DX, API Design & Documentation

Data Mesh Architecture in Banking

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This article is about the analytics side of the game. It covers the history of data architecture and its evolution. Further, it will cover data mesh and the principles of data mesh.

History of data architecture

Online transaction processing (OLTP) and online analytical processing (OLAP) are the systems that interact with the customer directly. In online transaction processing, you need an API to do a mission-critical Post operation. For online analytical processing, a decision must be taken based on historical data, for example, trend analysis, predictive analysis, etc. A combination of both types of processing is required for a successful data journey.

Online transaction processing is more client-facing and mission-critical. Analytical processing focuses on report creation and prediction dashboard. The link between these two worlds is ETL – Extraction, Transformation, and Loading. This is what data mesh is trying to challenge.

History of data architectures

Around the 60s, the concept of data warehousing came into the picture. It brought all the data from the transaction system and put it into one central big data warehouse. Reporting needs were built on top of the data warehouse. This architecture was not very successful, as it was totally centralized. A central team in the middle is responsible for managing the data and trying to understand the diverse businesses. This was challenging.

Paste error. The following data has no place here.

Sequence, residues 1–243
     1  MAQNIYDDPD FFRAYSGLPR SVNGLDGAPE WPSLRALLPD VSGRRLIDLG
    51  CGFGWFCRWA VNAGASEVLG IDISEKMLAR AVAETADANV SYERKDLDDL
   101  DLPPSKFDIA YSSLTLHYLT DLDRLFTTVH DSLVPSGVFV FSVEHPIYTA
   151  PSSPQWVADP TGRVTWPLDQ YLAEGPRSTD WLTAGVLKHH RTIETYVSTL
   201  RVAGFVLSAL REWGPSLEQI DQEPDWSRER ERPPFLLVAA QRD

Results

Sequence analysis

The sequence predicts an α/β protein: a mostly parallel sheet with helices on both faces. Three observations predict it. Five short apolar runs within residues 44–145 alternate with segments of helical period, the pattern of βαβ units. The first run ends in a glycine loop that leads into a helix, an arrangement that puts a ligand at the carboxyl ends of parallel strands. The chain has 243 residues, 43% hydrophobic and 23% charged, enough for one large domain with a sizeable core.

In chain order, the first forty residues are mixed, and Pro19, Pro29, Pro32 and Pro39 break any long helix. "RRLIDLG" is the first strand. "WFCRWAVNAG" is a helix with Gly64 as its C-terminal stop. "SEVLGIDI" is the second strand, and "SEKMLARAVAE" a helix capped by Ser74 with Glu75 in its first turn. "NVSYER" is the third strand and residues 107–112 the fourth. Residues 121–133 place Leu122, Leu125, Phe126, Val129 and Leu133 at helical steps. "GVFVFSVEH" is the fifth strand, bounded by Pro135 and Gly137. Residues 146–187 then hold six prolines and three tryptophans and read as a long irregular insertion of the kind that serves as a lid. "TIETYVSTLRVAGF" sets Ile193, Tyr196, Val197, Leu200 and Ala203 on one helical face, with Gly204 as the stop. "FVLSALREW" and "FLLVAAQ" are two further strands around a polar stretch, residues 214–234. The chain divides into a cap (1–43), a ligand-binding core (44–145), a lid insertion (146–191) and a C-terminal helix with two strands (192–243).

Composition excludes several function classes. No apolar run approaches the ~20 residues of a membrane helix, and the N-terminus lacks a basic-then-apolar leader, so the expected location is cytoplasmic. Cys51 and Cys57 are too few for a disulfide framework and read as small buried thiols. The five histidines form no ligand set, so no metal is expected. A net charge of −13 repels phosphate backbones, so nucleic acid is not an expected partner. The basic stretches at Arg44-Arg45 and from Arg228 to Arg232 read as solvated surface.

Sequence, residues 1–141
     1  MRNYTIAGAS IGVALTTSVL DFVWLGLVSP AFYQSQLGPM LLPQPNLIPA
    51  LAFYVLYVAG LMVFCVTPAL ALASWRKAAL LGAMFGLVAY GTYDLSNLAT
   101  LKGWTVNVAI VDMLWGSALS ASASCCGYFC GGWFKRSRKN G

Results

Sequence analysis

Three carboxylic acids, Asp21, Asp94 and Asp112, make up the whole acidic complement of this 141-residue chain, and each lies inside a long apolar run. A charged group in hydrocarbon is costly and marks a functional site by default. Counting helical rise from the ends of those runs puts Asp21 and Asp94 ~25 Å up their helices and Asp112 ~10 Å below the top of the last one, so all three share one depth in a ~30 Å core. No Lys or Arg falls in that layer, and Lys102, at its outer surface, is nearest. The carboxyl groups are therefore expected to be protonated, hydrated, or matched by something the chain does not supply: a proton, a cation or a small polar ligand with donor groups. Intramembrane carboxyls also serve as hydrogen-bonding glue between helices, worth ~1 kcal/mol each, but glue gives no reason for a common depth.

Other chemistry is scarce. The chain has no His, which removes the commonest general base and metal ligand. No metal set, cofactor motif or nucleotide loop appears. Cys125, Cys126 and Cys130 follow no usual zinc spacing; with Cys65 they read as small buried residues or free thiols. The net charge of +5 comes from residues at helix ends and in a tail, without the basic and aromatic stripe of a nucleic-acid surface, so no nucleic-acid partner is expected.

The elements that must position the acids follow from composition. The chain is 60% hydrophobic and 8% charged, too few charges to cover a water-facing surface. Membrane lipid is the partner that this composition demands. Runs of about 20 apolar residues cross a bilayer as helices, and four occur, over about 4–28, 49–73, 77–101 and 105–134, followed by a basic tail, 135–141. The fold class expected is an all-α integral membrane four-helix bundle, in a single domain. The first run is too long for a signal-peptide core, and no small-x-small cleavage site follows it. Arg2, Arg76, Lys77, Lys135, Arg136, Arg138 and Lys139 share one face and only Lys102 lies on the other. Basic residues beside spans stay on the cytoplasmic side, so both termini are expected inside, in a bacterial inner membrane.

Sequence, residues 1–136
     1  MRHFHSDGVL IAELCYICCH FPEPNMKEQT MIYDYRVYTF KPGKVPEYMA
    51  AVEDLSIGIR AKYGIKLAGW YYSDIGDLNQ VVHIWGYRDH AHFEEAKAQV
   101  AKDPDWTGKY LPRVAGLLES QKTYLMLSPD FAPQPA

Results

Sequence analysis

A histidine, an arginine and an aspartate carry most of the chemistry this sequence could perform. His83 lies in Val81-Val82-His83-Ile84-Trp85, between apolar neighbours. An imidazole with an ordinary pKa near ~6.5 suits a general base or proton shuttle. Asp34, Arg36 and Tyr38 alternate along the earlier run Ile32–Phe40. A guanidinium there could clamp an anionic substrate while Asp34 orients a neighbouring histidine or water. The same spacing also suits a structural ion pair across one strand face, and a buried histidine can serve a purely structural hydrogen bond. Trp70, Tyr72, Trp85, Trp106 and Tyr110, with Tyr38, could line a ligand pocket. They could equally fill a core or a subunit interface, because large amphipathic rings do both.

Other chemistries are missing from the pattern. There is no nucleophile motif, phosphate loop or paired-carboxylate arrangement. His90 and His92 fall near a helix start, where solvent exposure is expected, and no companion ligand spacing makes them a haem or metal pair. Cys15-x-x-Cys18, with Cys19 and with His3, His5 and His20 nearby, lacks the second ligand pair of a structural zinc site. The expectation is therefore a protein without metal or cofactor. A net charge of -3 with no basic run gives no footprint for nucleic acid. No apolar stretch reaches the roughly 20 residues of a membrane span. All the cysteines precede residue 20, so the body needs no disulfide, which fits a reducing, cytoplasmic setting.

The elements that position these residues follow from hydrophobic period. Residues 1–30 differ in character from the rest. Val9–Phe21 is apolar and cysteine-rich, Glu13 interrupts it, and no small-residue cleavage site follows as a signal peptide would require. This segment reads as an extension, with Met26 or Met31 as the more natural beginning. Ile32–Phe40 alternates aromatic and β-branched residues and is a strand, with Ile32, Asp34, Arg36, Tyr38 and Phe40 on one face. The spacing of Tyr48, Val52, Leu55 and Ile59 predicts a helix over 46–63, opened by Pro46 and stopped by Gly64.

In 2010, the data lake architecture came into the picture. It was still centralized, but data from the transactional system was added to the database without any transformation.

But, the two architectures were essentially the same: a data domain generated data, and a consumer consumed the data.

In 2015, as cloud computing kicked in, the same architecture was created on the cloud. Cloud computing made it simple to scale in storage and compute, pushing away the traditional Hadoop implementations.

In 2018, Data Mesh architecture came into the picture.

Data Mesh

Data mesh is a dense network of nodes containing data. Unlike centralized and monolithic architectures of data warehouses and data lakes, data mesh architecture is highly decentralized.

Instead of it being a central team trying to address the needs of multiple teams, we have domains with the knowledge and analytical side. Domains can interact with each other to share and analyze data.

OLTP and OLAP hand in hand –

An architecture that facilitates the operational and transactional world to exist with the analytical world in the same domain.

Born decentralized – Data mesh is different from other data architectures because it is highly decentralized and distributed as opposed to centralized.

Aims for democratizing data – Data mesh allows quicker data exchange between two domains, each embracing its domain’s ownership.

Four solid principles – Each principle addresses challenges from past architectures like data warehouse and data lake architectures. The four principles are data domain ownership, data as a product, self-service data platform, and federated governance.